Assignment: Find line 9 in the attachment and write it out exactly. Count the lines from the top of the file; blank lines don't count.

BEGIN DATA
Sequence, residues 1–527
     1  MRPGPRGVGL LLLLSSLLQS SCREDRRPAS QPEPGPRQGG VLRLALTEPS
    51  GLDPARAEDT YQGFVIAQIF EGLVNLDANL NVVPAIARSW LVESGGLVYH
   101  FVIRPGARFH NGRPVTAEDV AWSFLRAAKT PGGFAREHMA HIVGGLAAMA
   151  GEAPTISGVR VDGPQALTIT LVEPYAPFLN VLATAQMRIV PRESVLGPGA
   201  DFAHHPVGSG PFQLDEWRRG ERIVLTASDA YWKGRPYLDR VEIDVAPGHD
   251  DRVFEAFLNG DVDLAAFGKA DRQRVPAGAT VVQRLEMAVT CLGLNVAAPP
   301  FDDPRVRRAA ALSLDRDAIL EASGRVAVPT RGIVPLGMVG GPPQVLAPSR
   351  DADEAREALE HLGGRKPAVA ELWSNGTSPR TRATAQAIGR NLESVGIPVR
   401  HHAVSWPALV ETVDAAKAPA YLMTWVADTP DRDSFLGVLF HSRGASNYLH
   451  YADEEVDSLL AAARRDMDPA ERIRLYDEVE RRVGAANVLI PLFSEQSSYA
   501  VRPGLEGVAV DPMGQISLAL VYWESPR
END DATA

   351  DADEAREALE HLGGRKPAVA ELWSNGTSPR TRATAQAIGR NLESVGIPVR